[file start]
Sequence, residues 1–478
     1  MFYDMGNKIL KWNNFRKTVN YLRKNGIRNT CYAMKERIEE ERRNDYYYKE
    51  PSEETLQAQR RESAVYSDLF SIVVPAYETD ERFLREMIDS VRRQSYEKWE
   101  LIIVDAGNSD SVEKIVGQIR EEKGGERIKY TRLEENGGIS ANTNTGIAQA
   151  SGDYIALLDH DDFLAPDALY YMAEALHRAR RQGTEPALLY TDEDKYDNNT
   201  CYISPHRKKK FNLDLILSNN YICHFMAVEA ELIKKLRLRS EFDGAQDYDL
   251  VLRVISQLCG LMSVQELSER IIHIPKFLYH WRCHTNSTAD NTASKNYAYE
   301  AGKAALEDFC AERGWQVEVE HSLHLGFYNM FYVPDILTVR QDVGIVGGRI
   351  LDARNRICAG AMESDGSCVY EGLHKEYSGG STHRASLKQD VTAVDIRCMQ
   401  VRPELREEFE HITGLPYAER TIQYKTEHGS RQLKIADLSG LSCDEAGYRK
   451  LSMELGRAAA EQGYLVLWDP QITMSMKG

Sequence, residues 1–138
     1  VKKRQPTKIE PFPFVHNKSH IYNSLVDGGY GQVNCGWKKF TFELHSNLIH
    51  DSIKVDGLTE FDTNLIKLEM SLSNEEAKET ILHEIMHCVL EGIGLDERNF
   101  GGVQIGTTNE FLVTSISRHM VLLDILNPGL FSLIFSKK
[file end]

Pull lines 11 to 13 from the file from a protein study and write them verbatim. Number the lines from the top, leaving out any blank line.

   451  LSMELGRAAA EQGYLVLWDP QITMSMKG

Sequence, residues 1–138
     1  VKKRQPTKIE PFPFVHNKSH IYNSLVDGGY GQVNCGWKKF TFELHSNLIH